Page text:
DEGRADATION AND DESERTIFICATION

Today over one-third of the earth’s land is severely degraded. Each year, we lose 24 billion tonnes of soils through degradation and desertification. The threat is so severe that the UN Convention to Combat Desertification (UNCCD) was organized to minimize these losses and prevent soils-related violent conflicts.5

In the past two decades, breakthroughs in soils science and ecology have led to a new understanding of soils that validates the ecological farmers’ claim that soils are the secret to successful farming. Elaine Ingham has championed the concept of the Soil Food Web. Soils have long been treated as inanimate material for holding plants which are directly fed through synthetic inputs. Ingham challenges us to see the Living Soil. Soil organisms that are not primary producers get energy and carbon by eating or “consuming” plants, other organisms, and waste by-products. A few bacteria, called chemoautotrophs, get energy from nitrogen, sulfur, or iron compounds rather than carbon compounds or the sun. When these tiny soil organisms “eat” or decompose complex materials, or consume other organisms, nutrients are made available to plants and to other soil organisms. All plants—grass, trees, shrubs, agricultural crops—depend on the food web for their nutrition, and thus we as humans depend on the soil food web for our sustenance.6

Living soils retain nutrients so they do not leach or volatilise. These nutrients include nitrogen, phosphorus, potassium and calcium. The reduction or complete removal of inorganic fertiliser applications is possible and highly desirable when a Healthy Soil food web is present. Living soils cycle nutrients into bioavailable forms. The right ratio of fungi to bacteria is needed for this to happen, as well as the correct volume and activity of biological predators such as protozoa and nematodes. In chemically-managed systems, these various life processes are compromised—if even simply by shifting the balance of life within the soils, thereby upsetting these ratios and volumes. Lastly, living soils build soil structure so that oxygen, water, and nutrients can easily move through the soil and into deep, well-structured root systems. Tillage destroys soil food web balances and disrupts formation of SOM. These issues are not lost on conventional agricultural researchers, farmers, or businesses, leading to the recent uptake in Canada of no-till agriculture to slow the erosion of Canada’s soils base. A drill or narrow groove is cut into the residue of previous crops, so that seeds and compost slurry can be inserted without disturbing the underground root system.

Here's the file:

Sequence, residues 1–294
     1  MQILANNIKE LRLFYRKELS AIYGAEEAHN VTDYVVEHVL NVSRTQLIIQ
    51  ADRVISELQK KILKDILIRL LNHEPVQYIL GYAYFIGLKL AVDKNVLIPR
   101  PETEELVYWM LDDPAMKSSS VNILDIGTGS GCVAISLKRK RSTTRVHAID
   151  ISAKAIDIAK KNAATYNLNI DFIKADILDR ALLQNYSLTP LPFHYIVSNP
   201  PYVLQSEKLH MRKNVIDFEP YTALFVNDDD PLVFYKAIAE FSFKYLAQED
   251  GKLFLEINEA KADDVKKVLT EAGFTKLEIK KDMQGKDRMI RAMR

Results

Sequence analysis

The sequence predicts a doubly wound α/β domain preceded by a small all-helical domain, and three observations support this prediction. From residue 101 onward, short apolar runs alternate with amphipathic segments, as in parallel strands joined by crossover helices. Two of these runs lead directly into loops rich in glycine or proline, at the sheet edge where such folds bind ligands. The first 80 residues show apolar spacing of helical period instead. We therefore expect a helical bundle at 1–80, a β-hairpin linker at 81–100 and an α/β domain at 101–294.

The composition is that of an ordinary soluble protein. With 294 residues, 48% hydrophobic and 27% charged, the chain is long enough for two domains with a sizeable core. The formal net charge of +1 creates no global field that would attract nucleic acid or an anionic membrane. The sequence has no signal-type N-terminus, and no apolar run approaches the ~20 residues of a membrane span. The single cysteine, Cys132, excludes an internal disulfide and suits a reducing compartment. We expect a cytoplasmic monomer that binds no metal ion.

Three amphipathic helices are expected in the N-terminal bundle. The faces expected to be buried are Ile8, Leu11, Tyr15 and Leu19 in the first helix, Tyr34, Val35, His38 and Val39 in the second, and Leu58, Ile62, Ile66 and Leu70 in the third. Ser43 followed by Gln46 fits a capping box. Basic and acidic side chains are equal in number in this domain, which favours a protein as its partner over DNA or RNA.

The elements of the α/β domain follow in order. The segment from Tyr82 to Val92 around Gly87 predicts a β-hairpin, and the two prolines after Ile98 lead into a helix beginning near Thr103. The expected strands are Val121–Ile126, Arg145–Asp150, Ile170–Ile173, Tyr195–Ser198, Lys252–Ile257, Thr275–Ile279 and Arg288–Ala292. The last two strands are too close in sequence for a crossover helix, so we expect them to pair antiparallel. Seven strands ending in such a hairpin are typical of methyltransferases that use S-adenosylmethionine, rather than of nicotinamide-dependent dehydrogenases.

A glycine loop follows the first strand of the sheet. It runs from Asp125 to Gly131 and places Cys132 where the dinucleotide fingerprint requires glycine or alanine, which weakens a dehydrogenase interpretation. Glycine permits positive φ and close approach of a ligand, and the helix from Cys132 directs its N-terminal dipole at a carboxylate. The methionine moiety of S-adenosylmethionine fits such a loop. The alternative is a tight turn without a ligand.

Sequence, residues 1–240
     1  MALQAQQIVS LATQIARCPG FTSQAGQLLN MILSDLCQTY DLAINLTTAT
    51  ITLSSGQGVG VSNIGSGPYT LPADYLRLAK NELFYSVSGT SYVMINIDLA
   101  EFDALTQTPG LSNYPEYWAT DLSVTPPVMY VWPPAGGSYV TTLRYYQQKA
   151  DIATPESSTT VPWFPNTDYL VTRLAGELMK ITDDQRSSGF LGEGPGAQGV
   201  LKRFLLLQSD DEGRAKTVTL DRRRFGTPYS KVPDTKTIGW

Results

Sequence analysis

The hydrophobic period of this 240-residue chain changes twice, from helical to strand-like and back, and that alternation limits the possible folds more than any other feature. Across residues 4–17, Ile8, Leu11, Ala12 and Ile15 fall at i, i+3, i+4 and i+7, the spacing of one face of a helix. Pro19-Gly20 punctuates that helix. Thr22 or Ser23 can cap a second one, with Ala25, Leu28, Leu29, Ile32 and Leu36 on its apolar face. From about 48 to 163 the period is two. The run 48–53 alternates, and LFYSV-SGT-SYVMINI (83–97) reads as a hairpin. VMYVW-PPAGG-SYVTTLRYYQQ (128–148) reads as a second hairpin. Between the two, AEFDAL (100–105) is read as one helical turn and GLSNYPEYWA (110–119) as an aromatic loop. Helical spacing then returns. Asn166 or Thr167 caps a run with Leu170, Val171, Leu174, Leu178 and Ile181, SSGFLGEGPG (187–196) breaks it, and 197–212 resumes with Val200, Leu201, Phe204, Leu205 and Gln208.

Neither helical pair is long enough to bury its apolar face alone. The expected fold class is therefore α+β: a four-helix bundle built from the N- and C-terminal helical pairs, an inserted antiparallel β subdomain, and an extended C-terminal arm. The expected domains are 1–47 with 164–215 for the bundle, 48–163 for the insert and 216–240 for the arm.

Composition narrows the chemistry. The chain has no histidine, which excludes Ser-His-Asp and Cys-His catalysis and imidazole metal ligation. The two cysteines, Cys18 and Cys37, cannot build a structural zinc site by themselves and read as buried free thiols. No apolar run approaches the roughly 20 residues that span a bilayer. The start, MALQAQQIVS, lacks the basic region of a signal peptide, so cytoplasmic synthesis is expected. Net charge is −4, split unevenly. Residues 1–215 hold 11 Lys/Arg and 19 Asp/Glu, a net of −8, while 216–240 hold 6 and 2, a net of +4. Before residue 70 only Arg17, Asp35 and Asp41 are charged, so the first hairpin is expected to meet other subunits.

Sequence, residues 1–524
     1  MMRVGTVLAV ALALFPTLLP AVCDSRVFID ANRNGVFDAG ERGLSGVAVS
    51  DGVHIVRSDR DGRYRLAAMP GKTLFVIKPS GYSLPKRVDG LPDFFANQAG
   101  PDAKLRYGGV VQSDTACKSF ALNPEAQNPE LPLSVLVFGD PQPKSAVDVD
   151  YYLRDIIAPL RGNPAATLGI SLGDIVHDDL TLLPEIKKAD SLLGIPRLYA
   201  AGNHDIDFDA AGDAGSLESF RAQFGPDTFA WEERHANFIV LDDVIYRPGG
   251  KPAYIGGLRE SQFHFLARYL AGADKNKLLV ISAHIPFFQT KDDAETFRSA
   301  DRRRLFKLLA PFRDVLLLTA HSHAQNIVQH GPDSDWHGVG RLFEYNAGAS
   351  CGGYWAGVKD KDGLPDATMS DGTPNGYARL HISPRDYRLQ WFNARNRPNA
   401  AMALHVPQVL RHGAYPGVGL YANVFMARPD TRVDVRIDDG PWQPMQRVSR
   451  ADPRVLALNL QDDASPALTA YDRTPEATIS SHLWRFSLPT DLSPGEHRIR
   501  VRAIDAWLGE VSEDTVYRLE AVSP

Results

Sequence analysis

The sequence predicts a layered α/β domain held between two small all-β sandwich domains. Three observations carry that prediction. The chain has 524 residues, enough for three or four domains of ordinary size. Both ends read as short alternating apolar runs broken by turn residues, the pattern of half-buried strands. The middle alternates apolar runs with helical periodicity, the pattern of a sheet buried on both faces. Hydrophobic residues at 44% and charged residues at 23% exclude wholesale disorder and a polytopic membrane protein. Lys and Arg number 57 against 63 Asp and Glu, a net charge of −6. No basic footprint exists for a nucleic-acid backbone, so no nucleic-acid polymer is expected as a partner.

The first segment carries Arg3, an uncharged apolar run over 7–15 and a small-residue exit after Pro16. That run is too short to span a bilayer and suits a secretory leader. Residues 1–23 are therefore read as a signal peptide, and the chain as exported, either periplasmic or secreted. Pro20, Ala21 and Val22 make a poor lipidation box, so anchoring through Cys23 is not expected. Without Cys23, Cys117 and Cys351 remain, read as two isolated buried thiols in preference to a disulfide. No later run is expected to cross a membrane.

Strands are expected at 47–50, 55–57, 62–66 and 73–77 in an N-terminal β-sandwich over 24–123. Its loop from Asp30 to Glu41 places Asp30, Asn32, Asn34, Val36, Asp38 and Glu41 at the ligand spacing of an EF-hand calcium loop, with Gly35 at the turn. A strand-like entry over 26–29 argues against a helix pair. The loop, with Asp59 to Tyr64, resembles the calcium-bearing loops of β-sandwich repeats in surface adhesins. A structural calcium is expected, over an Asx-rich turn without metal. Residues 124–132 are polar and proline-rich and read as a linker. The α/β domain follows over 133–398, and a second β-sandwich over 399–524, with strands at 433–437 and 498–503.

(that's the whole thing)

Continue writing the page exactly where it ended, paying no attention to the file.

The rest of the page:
Yet chemical management practices are introducing a new range of issues regarding the degeneration of the soil food web and the water systems that eventually receive field runoff. Chemicals can do more damage than good. If they are not carefully deployed, agricultural chemicals lead to the release of nitrous oxide, a very potent greenhouse gas; pollution of groundwater; depletion of soil carbon by decomposer microbes; reduced diversity of soil organisms; and increased weed pressure. Most importantly, overuse of chemical fertilizer reduces the exudate exchange between plants and the microbes that feed on plant exudate. These “easier to get” nutrients make the plant “lazy,” for it no longer has to work hard to make exudate—breaking an important relationship that feeds other processes within the soil food web. And while Canada’s ecological farming sector has addressed this chemical assault, organic commodity producers have come largely to rely on tillage to control weeds rather than chemicals. Too much tillage affects the soil food web—in particular disrupting the intricate and complex funghal networks in the soil. This is where the notion of Regenerative Agriculture comes in.

“This new conversation about regenerative agriculture takes the focus off the great divide between conventional and organic, and returns us to the basics—rebuilding healthy soils and the ecosystems interconnected with them.” — Ananda Fitzsimmons, Farmer, President of Regeneration Canada

Regenerative Agriculture is characterized by systems-thinking. Soil is seen as central to food-producing ecosystems, teeming with life and capacity to store carbon, water, and nutrients. Regenerative Agriculture requires that we don’t just “conserve” soils, but that we rebuild and “regenerate” lost soils. In RA systems, fields and food forests offer annual and increasingly perennial polycultures with long rotation cycles on smaller diverse farms that rely on symbiotic relationships with the local ecosystem. Beyond regenerating soils, RA focuses on increasing landscape level biodiversity, preferring open pollinated, farmer- and community-saved seeds to promote diversity and resilience to changing climate at the farm level. Breeding programs within RA systems seek to increase the volume and the diversity of public seeds, prioritizing adaptation, nutrition, and suitability to the farm ecosystem over “grain yield” output.7

RESTORING DEGRADED SOIL

In the struggle to address climate breakdown, Regenerative Agriculture may be humanity’s best strategy. Removing carbon from the atmosphere and putting it into the soil restores degraded soil. Soil organic carbon (SOC) is one part in the much larger global carbon cycle that involves the cycling of carbon through the soil, vegetation, ocean, and the atmosphere. More carbon is stored in the first meter of soil than is contained in the atmosphere and plants combined.8